Rugby: Axed provinces eye legal fight

Northland's axing from the Air New Zealand Cup might not spell the death knell for the province, but it will be "hugely catastrophic," its chairman, Wayne Peters, says.

Northland and Tasman were chosen by the New Zealand Rugby Union yesterday as the teams to drop out of the Cup as the union restructures its domestic competitions.

While the NZRU action is still classed as a proposal and affected unions have until September 5 to offer feedback, it is widely seen as a fait accompli.

However, Peters has promised a fight, with a legal challenge in the offing as his union and Tasman face life in the Heartland Championship.

Northland would exhaust "all possible remedies," he said yesterday.

"I think it will be, if not the death of Northland rugby, it will certainly be hugely catastrophic. Rugby up here is not just a game, it's hugely part of the community," he told Radio New Zealand.

Tasman had expected to be cut, especially after Marlborough had said it wanted to split from Nelson Bays and go it alone in the Heartland Championship.

But all the same, Tasman chief executive Peter Barr said the news was "gut wrenching".

"We have had our financial issues, but that doesn't make it any easier. It's not a palatable decision, that's for sure," he told NZPA.

The NZRU said last week provincial unions would be assessed on a number of criteria, from population and player numbers to financial performance and administration before the decision was made.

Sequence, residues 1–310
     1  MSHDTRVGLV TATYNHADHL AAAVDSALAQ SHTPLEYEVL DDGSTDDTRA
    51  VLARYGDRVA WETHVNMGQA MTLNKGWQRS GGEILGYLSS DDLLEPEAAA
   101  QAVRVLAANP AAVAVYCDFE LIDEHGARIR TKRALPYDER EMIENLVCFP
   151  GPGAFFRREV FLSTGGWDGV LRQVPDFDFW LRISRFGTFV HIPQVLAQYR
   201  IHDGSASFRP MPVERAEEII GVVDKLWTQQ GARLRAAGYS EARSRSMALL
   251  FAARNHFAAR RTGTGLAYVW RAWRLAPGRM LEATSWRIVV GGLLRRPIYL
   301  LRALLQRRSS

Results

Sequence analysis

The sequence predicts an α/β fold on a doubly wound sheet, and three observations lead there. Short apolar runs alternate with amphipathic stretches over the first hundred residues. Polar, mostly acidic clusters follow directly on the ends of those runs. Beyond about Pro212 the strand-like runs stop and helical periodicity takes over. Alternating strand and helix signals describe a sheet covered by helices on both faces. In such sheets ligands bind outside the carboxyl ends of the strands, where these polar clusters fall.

Peters said he had not yet received the letter from the NZRU disclosing the union's assessment results.

"For the last two years we've finished in the first 10, so I don't think anyone could reasonably say that our playing performance has been inhibited.

"In terms of registrations we are about number eight in the country. Population base I think we are in the first 10, if not higher.

"Financial matters...so far we have not been provided any additional money from the NZRU other than what we are entitled to, save for a small advance payment."

Ironically, Northland and Tasman have provided two of the major upsets in this season's Air New Zealand Cup, both beating Waikato in recent weeks.

Barr said part of Tasman's predicament had been brought on by the need to meet the NZRU's demands for improving their stadium.

"That cost us $2.5 million and we are one of the only unions in the country that owns its own ground, so most don't have to worry about those sort of costs."

Auckland, Bay of Plenty, Canterbury, Counties Manukau, Hawke's Bay, Manawatu, North Harbour, Otago, Southland, Taranaki, Waikato and Wellington will vie for premier competition honours next year.

NZRU general manager of professional rugby Neil Sorensen said the review process had been inclusive and thorough, but the NZRU was still anticipating a legal challenge from Northland.

"We certainly haven't dragged lawyers in to go through everything we've said or done, but we have followed a very sound process. (However) we have to be ready for that."

The NZRU will finalise its plans on September 25.

Other changes announced last week include a mid-August kick-off for the Air NZ Cup, following a "protected window" for the club season. The competition format will return to a round robin format followed by semifinals and a final.

The NZRU also announced a review of the Heartland Championship following the changes to the Air NZ Cup.

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